'Sowing distrust' | Starbucks accuses labor officials of aiding staff efforts to unionize

Starbucks accuses labor officials of aiding staff efforts to unionize

Starbucks has accused the federal labor board overseeing union elections at its U.S. cafes of misconduct and asked for elections to be suspended nationwide pending the outcome of an investigation.

The coffee chain said in a letter to National Labor Relations Board (NLRB) Chairman Lauren McFerran and General Counsel Jennifer Abruzzo that NLRB agents helped Workers United win elections by manipulating the voting process and collaborated to cover up the behavior, according to a copy seen by the news agency Reuters.

NLRB spokesperson Kayla Blado said in a statement the NLRB had well established processes for challenging elections.

"The regional staff – and, ultimately, the Board – will carefully and objectively consider any challenges raised through these established channels," she said.

Workers United said the letter was Starbucks' "latest attempt to manipulate the legal process for their own means and prevent workers from exercising their fundamental right to organize."

A year ago, none of the nearly 9,000 corporate-owned Starbucks locations in the United States were unionized. Now, employees at 216 cafes have voted to join the union, while workers at 46 have voted against unionizing.

Starbucks' allegations come amid a growing unionization drive among U.S. retailers, including Amazon, Chipotle Mexican Grill, Lululemon and grocer Trader Joe's.

Labor experts said the point of Starbucks' complaint may be to delay elections, which make them harder for unions to win because they lose organizing momentum due to high employee turnover.

"It's immaterial whether these charges are true or not. The victory is delay," said Nelson Lichtenstein, a University of California Santa Barbara professor and director of the Center for the Study of Work, Labor and Democracy.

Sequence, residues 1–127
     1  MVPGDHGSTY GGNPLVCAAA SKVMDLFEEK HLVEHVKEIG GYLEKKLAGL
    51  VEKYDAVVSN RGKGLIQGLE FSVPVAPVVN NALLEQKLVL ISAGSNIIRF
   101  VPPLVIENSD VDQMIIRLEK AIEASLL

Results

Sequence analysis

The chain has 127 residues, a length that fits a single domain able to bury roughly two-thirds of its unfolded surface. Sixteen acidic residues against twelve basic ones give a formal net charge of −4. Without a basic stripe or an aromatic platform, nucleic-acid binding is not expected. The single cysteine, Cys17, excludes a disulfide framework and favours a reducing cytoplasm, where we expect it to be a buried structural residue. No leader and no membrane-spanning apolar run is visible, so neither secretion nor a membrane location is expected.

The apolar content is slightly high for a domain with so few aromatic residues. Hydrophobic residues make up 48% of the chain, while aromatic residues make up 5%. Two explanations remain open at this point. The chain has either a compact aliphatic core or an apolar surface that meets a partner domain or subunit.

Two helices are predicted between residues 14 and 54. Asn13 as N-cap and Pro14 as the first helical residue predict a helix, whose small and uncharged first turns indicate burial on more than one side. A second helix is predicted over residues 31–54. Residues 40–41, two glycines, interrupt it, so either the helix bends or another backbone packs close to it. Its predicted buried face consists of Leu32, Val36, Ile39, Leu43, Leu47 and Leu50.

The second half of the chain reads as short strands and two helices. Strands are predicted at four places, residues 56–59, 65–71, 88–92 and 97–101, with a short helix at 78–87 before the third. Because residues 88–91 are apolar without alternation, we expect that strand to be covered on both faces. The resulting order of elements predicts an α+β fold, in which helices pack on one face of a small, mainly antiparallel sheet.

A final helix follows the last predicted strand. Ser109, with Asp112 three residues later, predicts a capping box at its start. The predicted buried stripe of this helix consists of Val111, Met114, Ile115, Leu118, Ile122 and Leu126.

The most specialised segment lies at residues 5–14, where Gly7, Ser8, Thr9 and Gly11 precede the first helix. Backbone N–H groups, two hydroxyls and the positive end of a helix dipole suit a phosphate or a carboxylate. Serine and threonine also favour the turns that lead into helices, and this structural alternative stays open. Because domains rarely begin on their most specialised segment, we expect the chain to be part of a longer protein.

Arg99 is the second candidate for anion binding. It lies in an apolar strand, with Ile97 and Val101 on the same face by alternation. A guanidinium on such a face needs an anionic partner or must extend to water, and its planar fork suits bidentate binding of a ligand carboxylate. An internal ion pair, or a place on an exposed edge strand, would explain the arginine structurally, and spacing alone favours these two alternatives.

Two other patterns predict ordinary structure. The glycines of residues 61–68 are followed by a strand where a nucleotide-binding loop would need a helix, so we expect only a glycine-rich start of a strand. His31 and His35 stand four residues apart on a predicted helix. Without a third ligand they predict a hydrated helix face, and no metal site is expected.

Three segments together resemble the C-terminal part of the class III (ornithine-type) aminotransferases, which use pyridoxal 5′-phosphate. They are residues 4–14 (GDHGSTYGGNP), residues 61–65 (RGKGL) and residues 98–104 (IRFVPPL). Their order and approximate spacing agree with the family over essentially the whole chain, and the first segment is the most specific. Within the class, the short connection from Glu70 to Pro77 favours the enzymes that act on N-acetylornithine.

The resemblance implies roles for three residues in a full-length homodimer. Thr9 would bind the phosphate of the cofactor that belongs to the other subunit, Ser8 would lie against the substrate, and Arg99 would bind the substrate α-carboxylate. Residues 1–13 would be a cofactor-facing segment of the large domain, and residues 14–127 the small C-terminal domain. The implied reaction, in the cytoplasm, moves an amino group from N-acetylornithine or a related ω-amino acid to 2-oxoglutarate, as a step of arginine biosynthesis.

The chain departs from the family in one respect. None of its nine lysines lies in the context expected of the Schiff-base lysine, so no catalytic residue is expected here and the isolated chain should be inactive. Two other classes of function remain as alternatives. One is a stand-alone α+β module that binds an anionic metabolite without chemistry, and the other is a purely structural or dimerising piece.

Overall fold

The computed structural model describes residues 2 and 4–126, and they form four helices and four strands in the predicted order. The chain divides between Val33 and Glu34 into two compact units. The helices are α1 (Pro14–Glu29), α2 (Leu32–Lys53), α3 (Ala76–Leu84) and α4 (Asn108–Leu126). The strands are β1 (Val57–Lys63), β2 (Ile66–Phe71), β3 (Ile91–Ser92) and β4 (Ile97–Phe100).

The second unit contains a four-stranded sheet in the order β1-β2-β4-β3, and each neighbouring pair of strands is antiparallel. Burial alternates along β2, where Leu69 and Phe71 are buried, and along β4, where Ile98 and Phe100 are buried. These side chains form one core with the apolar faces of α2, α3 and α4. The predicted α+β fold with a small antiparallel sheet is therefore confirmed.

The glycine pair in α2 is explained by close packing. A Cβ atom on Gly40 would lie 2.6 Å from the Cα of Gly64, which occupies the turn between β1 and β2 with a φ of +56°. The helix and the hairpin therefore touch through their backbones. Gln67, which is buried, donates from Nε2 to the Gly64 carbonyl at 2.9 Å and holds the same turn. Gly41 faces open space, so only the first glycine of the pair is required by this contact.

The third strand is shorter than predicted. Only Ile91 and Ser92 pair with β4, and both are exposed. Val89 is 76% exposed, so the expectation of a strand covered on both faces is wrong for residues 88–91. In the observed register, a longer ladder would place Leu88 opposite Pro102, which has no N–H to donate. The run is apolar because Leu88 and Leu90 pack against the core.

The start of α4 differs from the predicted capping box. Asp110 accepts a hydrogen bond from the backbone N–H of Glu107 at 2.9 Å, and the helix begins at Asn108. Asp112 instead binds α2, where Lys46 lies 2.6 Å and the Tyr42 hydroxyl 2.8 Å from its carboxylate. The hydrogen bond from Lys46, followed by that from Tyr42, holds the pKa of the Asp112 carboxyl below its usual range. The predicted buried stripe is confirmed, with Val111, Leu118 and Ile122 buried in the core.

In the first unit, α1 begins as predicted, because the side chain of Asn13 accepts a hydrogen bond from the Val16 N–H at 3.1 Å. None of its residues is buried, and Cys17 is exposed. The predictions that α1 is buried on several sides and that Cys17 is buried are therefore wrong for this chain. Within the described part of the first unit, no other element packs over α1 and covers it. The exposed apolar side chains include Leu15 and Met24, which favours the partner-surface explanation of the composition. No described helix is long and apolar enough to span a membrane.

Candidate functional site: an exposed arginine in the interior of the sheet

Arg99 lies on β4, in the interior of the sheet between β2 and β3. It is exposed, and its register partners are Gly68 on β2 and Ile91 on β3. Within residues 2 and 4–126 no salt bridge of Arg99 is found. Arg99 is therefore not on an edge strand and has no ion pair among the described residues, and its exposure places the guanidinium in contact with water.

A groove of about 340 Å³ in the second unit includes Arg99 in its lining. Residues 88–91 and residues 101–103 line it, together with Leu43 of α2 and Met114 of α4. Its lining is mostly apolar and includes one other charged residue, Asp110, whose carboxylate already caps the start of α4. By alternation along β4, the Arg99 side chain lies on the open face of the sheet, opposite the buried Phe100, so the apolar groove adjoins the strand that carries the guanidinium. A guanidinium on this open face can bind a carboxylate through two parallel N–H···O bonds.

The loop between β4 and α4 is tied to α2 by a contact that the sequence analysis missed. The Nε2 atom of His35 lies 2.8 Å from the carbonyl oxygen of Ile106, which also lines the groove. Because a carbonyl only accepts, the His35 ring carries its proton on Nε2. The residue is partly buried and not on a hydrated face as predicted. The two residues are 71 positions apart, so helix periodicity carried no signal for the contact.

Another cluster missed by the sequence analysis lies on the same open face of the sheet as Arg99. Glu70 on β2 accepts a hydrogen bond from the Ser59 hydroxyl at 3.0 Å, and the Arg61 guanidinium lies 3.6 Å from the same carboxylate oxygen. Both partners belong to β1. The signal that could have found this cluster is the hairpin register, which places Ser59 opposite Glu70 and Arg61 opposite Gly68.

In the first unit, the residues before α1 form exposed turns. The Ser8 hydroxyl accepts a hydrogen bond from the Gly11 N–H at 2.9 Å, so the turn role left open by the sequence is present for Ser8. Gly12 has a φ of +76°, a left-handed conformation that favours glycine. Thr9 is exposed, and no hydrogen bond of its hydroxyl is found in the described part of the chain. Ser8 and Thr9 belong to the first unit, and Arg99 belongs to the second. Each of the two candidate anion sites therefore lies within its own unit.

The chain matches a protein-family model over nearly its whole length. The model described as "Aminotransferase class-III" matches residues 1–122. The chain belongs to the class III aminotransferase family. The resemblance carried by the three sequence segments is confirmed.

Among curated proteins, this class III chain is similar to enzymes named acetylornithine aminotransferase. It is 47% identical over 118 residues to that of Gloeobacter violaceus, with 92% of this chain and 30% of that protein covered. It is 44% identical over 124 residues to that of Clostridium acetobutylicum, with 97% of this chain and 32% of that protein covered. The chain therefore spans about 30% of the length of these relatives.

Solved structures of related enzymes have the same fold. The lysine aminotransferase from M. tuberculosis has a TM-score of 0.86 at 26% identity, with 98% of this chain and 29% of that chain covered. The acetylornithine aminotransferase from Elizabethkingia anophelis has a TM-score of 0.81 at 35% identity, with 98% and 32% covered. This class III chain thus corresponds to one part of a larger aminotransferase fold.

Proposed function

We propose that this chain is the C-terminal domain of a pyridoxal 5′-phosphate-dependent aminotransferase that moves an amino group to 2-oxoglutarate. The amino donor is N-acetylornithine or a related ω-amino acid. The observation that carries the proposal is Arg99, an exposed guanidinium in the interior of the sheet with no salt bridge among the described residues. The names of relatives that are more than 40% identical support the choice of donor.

The letter also helps "to sow distrust about the NLRB process, and maybe scares off even more workers from becoming involved in the process," said John Logan, a San Francisco State University professor who studies anti-union actions.

Starbucks said the misconduct, which the company said it learned from a whistleblower who is a long-time NLRB employee, took place during a union election in Kansas City, Kansas. It said it also believed it had occurred in other regions as well, including the company's hometown of Seattle and in Buffalo in New York state, where the union drive began.

"If the NLRB does not respond by investigating and remedying these types of actions, we do not see how the Board can represent itself as a neutral agency adjudicating unfair labor practice disputes - and elections," Starbucks said in its letter.

Starbucks accused board agents of secretly coordinating with the union to arrange voting in person at NLRB offices instead of by mail ballot, providing confidential details in real time about ballots it had received, enabling the union to influence employees who had not yet voted, covering up what Starbucks termed the "misbehavior" and collaborating with Workers United to boost the number of pro-union votes.

There are many legitimate reasons why a worker would be allowed to vote in person instead of by mail ballot, said Nafisah Ula, organizing director for Jobs with Justice.

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